||[Feb. 15th, 2007|09:31 pm]
1. What is change blindness? Describe the stimulus and the procedure used to measure it. How is attention involved?|
Change blindness is when the viewer is blinded to a change in a picture or a photograph because of a blank screen inserted between them. It could be a major or a minor change but it is still difficult to catch on to either way because to the viewer, everything is changing because of the blank screen. Attention is involved because it takes a lot of attention, even though it is serial processing, to find the change in the two pictures.
2. Describe the dichotic listening task and the shadowing task.
A dichotic listening task is where a listener has someone speaking into both ears and he or she is told to listen to only one of the messages. The person is able to remember the message that they were told to attend to but not the message that they ignored. The shadowing task is very similar except for that in the shadowing task the listener is asked to recite the message that they had been listening to back to them. The listener usually has trouble with this but can still remember the message.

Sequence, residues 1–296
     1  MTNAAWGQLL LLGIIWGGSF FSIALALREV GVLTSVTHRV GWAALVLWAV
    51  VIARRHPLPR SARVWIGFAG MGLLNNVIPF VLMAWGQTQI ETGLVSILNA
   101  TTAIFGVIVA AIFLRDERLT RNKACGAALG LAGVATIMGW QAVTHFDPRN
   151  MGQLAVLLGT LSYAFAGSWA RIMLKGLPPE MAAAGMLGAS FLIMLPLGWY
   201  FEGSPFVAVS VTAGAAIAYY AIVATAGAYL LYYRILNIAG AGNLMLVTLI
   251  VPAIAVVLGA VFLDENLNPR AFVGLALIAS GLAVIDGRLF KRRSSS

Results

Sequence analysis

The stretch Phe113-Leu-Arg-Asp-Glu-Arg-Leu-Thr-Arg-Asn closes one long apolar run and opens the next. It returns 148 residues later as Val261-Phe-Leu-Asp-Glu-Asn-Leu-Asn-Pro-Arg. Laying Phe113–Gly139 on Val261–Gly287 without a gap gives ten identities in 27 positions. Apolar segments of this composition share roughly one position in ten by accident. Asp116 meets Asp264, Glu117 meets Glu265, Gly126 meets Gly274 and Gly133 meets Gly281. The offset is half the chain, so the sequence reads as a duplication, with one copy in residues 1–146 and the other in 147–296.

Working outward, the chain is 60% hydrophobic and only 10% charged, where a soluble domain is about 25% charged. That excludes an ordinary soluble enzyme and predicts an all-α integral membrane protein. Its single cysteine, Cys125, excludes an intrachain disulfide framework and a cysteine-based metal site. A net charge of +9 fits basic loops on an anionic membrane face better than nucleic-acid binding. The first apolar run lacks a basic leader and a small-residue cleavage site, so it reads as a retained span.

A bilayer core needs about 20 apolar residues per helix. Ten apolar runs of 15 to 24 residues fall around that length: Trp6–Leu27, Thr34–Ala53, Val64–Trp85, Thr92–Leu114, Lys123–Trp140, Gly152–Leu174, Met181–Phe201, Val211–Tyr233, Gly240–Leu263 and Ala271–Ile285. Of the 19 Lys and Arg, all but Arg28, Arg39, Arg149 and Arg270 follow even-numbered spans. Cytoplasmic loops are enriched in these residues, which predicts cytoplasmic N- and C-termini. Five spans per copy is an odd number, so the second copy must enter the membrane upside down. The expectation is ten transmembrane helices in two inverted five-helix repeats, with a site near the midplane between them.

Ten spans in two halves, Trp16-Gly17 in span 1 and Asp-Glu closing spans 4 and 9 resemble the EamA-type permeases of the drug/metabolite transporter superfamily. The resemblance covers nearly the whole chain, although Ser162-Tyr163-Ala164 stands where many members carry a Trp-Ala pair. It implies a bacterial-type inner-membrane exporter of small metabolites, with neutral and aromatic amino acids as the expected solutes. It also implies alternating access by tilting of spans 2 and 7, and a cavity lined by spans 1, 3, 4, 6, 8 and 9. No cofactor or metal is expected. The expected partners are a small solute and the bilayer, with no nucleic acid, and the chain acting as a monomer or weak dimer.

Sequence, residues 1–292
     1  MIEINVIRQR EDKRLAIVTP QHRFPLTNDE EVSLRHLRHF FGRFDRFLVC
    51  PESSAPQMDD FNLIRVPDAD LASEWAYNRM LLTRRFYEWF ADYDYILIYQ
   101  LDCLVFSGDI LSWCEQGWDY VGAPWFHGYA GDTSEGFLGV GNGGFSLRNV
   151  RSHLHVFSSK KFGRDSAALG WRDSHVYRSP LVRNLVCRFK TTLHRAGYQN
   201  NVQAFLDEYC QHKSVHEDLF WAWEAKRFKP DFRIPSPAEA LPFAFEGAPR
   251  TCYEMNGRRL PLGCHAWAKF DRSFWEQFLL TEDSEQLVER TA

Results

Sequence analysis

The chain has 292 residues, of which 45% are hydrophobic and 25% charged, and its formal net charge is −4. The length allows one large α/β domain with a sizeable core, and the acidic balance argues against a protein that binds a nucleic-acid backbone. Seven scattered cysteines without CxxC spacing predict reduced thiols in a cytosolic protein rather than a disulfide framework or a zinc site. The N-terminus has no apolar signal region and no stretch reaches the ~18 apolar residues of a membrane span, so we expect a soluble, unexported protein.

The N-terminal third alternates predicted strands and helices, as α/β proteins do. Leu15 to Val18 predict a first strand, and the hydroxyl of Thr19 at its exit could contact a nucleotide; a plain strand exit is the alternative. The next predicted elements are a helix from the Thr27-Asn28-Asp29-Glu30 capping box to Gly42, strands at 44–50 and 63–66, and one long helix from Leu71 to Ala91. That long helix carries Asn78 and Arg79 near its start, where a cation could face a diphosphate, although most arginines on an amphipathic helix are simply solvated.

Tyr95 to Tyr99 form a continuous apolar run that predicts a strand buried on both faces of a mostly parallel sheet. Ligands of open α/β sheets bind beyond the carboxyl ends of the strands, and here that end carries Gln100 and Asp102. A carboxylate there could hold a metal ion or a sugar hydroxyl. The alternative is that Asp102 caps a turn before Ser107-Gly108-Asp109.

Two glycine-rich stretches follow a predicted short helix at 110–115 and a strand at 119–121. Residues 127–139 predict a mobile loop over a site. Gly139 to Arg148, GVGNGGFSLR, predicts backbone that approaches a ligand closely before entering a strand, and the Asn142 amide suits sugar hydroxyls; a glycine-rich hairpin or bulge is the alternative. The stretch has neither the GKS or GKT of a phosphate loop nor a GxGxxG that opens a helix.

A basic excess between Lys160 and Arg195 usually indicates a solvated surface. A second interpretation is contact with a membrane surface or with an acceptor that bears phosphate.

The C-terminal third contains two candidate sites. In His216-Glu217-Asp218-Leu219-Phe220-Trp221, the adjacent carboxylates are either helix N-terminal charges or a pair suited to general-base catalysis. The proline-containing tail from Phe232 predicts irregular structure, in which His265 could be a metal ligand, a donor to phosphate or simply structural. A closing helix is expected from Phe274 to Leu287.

3. Discuss the evidence regarding detection of unattended information during selective auditory attention tasks. What DO we detect? What DON'T we detect?
Unattended information can usually not be remembered. During auditory tasks it does not matter if the message has a different meaning or is in a different language. The only thing we do seem to detect in unattended information is whether there is a strong physical difference. Like the tone of the voice, if it is high pitched or loud.
4. What things influence our ability to divide our attention? Describe what makes it easier and harder to divide attention.
It is difficult to divide our attention if the things we are doing share a stimulus or a response. It is difficult to do them simultaneously because the tasks are so similar. It is much easier to divide our attention if we have practice in the tasks that we are completing because when a task is practiced, it takes much less attention to perform it, allowing us to direct our attention towards other tasks and further divide our attention.
5. What is the Stroop Effect? What does it tell us about reading?
The Stroop Effect is where it is difficult to recite the color of the text of words that actually mean different colors. If the word red is written in green it is easier to say red than green when one sees it. This tells us that reading has become automatic. We do not look at words without our brains automatically reading them.
6. Understand the experiments, results, and implications regarding the use of cell phones during driving.
The first experiment was done by Strayer and Johnston in 2001 and involved the tracking of a moving target. Sometimes the participants were asked to track while using a cell phone or a hands free phone. The amount of errors were recorded. The same thing was done using a driving simulator in 2003. It was found that the using of either kind of phone distracts the driver the same and increases the chances of an accident.